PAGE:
Bankruptcy vs. Consumer Proposal
What are the pros and cons of filing for bankruptcy vs. Consumer Proposal in Canada?
By declaring bankruptcy, you’re protected from creditors and free from most of your debt, but there are disadvantages to consider as well. It can be confusing trying to decide between Bankruptcy vs. Consumer Proposal.
Many of our customers find alternative debt relief options to bankruptcy that they never considered before speaking with us.
In most cases, a Consumer Proposal is the best option, as it has more advantages than personal bankruptcy.
If your income increases after declaring bankruptcy, your monthly payment will also increase.
With a Consumer Proposal, your payments do not change.
Stay of proceedings
Calls from collection agencies will STOP! Thanks to the Bankruptcy and Insolvency Act, wage garnishments and threats of lawsuits will also stop immediately.
A personal bankruptcy in Ontario can costs less than other debt relief options. The exact cost depends on your income and assets.
At David Sklar, we’ll make every process easy for you, but personal bankruptcy is a particularly quick process. Many individuals can receive an automatic discharge within nine months.
Negative Impact to your credit score
Your credit report will show a record of your bankruptcy claim for six years after discharge and you will lose all of your credit cards.
Loss of assets
When you file for personal bankruptcy, your licensed Insolvency Trustee will inform you of the assets can keep, and which you will lose. Your Trustee will calculate the value of the equity you have in your home, your investments, and other non-exempt assets, and distribute the proceeds to your creditors. During the bankruptcy period, any tax refunds you may receive will go to your creditors as well.
Debts that can not be eliminated
Child support, alimony, fines, and some student loans are excluded. Secured debts (such as mortgages) are also not covered in a bankruptcy.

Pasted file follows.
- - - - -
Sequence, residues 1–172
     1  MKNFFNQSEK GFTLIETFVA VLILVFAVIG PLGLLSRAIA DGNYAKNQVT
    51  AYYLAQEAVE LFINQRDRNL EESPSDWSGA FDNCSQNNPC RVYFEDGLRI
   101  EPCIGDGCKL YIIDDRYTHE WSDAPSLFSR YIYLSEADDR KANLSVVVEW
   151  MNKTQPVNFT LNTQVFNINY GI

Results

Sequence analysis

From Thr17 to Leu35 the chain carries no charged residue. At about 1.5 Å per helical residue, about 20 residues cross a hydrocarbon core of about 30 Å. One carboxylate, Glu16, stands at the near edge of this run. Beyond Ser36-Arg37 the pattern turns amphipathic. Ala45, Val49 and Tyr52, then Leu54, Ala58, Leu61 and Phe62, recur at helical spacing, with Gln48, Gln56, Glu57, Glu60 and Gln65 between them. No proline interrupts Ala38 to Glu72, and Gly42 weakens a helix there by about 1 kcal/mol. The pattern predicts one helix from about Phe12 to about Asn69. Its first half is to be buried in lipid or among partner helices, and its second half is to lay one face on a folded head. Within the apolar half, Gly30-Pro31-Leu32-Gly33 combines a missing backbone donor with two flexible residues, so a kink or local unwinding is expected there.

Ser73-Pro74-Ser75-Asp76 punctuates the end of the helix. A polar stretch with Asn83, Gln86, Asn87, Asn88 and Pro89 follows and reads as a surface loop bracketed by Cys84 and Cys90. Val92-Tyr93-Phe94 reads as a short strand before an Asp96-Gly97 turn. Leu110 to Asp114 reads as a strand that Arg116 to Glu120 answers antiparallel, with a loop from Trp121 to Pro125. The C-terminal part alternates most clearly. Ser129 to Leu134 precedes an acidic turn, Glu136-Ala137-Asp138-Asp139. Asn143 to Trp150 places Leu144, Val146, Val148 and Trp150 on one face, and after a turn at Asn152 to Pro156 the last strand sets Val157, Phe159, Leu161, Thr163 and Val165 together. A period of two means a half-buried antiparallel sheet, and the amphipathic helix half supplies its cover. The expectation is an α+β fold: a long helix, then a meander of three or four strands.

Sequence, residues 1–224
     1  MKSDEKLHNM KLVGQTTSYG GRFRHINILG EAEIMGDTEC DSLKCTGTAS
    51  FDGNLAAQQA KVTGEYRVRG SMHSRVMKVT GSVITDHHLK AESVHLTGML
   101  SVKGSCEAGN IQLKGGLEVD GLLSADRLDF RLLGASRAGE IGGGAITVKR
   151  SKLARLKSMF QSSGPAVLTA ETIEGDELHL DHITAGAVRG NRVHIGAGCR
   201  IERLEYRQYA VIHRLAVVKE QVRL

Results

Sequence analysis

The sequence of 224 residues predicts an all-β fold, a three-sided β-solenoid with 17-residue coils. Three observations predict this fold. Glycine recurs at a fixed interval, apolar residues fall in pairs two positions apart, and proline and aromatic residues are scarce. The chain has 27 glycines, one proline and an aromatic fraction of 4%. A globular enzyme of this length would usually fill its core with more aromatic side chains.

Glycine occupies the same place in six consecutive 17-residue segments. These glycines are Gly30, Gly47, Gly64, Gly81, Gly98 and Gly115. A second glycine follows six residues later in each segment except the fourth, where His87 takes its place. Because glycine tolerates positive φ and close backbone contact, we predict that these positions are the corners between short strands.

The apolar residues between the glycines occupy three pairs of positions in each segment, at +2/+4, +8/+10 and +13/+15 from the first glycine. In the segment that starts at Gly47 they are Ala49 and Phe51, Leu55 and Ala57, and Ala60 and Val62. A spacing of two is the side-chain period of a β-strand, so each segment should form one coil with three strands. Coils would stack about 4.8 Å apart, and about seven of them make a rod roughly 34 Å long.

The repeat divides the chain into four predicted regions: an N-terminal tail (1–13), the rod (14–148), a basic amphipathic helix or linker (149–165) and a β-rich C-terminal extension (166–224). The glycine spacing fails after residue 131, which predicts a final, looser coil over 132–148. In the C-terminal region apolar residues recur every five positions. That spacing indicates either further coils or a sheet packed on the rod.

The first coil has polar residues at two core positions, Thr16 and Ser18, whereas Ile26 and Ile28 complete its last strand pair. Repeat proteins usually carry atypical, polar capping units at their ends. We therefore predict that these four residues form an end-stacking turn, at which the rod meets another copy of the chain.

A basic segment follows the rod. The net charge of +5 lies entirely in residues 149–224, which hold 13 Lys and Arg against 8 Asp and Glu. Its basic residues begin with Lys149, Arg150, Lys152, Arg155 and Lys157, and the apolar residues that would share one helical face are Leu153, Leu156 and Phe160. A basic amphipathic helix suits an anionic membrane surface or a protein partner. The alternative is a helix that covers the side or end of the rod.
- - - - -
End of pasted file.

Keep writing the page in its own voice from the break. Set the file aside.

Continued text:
Impact on employment
You must consider the fact that declaring bankruptcy may have an impact on your employment situation if you are responsible for money or trust funds. While bankrupt, you are not allowed to work as a director of a company.
Surplus income is any income earned above the standards set by the Office of the Superintendent of Bankruptcy Canada. You are required to pay half of any surplus income you earn above that amount.
When you claim bankruptcy, you are required to make your regular payments which are based on your income. You must also attend two credit counselling sessions and send a monthly budget statement to your LIT.
Bankruptcy and surplus income payments
Each year the Superintendent of Bankruptcy outlines what they feel is a basic income for different family sizes. When declaring personal bankruptcy your income and size of your family impact the amount you will need to pay and for how long.
Advice on Bankruptcy
Getting into debt is easy. Getting out is a different story.
But it's still possible!
Did you know there is a Canadian debt relief program federally regulated by the Canadian Government, designed to help citizens avoid claiming bankruptcy? This amazing program can only be administered by a Licensed Insolvency Trustee (LIT).
If you’re struggling to make your payments every month and creditors won’t stop calling, we can help.
What our clients are saying.
We are David Sklar
Our team of Licensed Insolvency Trustees in Ontario can help you get out of debt and in control of your own financial future. We’ve helped thousands of people and we can help you too.
We know this is stressful, but you're not alone.
It’s going to be okay.
Book your free consultation today. We’ll do the rest.